Reflections on Train the Trainer class Week 1

I am undertaking a Train the Trainer class from the good folks at International Coach Academy.  They are some of the most intentionally professional trainers I have ever met.

As part of the course, the Trainers in Training have been asked to reflect on the topics we cover in class, so I am going to share my reflections here.

Week 1

Reflection

 

What outcome would I like from this Train the Trainer class?

I would like to become more adept as a trainer through learning from trainers I admire, and practicing new skills in a safe environment.  The ICA teleclass is a fantastic learning environment, and I feel very comfortable trying new skills there.

I also want to learn about the specific skills needed when training using a new medium – teleclass – in order to provide accessible training and coaching to more clients.  My corporate clients are increasingly limited in their travel options, both their own travel and expenses for coaches and consultants.  Teleclasses can provide an alternative to face-to-face meetings and classes.

I’m also excited to hear from and connect with other trainers about their experiences and ideas in order to expand my trainer’s toolbox.  There’s always something new to learn! Curiosity is one of my core strengths, and this class lets me build those muscles even more.

 

How do I create a safe space for students?

I do a welcome/check in to allow people to share what has happened to them since we last met, to connect, and to settle in to the training class and become present.

I model the behaviour I want the students to have through sharing where I’m at, and becoming present with them.

I also try to keep things positive through acknowledgement, appreciative inquiry and giving people space to share throughout the class.  I make sure every learning opportunity is acknowledged and people’s different styles of speaking and learning are welcomed.

In the case of telephone training, I keep the tone of my voice welcoming and easygoing.

 

What do I do to be present before I begin class?

I review the notes I’ve made about the upcoming class so I can stay “out of the page” and in the moment of learning.

I makes sure any technology I may be using is working correctly; the bridge line is working or if I’m training in-class the projector and computer are hooked up and functioning.  I even run through some slides or specific tasks to make sure they will work when the time comes.

Finally, before the class starts, I take 5 minutes to breathe and focus and think about the outcomes I want.  I also remind myself of my own capabilities as an instructor so I can be fully present and not self-focused.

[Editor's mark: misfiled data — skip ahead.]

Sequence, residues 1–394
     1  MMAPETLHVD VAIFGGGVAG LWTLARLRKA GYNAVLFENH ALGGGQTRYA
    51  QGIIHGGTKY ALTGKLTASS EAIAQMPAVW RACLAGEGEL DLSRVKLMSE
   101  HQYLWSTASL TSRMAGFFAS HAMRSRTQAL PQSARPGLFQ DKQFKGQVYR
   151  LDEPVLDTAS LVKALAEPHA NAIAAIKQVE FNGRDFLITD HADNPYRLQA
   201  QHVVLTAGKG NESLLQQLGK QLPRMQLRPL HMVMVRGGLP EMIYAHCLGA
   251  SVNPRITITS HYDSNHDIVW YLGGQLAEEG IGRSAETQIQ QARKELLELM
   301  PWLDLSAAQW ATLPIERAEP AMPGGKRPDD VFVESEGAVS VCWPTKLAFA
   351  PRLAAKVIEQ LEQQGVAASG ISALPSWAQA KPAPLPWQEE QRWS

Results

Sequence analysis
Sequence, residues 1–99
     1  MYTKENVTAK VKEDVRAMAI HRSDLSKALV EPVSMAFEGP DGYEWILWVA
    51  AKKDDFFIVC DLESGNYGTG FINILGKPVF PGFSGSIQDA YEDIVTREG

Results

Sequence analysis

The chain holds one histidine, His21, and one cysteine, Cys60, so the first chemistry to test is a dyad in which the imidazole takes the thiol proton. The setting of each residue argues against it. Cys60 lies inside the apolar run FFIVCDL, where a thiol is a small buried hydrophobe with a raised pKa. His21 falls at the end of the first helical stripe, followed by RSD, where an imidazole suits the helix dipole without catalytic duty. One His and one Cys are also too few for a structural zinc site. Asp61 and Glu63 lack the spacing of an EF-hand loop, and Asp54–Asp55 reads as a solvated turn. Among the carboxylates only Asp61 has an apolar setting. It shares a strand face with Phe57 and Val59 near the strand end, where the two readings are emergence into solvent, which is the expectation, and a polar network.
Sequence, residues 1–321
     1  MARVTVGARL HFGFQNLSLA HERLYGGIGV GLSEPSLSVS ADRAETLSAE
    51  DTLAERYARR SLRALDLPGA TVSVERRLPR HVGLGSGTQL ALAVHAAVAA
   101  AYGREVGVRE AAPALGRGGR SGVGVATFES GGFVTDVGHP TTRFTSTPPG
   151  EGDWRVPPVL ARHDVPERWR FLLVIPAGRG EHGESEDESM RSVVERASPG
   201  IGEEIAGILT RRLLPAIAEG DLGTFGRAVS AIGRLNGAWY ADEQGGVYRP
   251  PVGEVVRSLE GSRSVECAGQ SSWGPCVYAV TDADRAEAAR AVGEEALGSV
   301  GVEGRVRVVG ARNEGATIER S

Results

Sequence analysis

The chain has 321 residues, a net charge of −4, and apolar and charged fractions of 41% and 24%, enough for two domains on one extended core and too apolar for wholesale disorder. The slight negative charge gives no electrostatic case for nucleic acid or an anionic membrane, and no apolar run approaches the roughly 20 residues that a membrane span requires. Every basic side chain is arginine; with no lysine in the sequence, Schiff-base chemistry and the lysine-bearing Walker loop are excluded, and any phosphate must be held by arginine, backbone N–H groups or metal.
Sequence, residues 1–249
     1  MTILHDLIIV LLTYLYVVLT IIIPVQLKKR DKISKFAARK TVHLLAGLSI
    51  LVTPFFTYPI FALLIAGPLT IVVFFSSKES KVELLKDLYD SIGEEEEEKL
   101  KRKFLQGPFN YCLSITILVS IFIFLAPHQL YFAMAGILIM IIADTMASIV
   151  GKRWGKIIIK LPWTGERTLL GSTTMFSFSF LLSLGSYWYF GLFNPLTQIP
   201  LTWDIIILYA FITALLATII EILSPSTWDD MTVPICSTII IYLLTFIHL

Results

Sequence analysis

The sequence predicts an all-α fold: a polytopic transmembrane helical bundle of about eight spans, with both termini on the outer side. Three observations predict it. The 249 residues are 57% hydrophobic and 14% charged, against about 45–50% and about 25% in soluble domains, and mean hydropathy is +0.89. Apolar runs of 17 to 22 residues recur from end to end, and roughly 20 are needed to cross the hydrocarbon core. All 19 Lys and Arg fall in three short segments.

How and what would I do in my first training session to insure that I provide the opportunity for learners to take that first step in participating?

There are always people who are very comfortable participating and speaking in class, others who are very uncomfortable with participating or speaking in public, and others whose participation is very situational.

Because different people feel more or less comfortable speaking, I would provide opportunities to write responses, and share them later if the student wishes to, and even to create visuals like mindmaps or diagrams.

Several times I have had trainers who ask students to write a response and then read it out later, which lets them share in a prepared way; another great opportunity is to ask people to say in one word how they feel after the class or what they are taking away.  Any activity like this can give people the chance to become more comfortable participating.

As an in-class trainer I frequently use modified games like Jeopardy or Mad Dash to get people’s blood pumping, lighten things up and increase attention on the concepts we’re discussing.

Additionally, some people might not learn from thinking about/theorizing but may learn from an activity in which they can practice a new skill.  So  I might give the students a chance to practice the skill we are talking about by asking for volunteers to work in class, either role-playing with roles of their choice or pretending to be players in a pre-defined scenario.

Similarly, some students may wish to connect outside of class time on something they are passionate about, so they could work on a project separately and post to the discussion board or present a report to the class the next time we meet.

I always make sure that people know they can pass on any activity, to reinforce the safety and freedom of the learning environment.

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2 Responses

  1. Thanks for sharing your insights Vickie, I love to read how we all come from our own perspectives and meet into the common love of learning and expanding!

  2. I just love your blog, congrats for the reflections. Looking forward for our common experience.
    Cheers!

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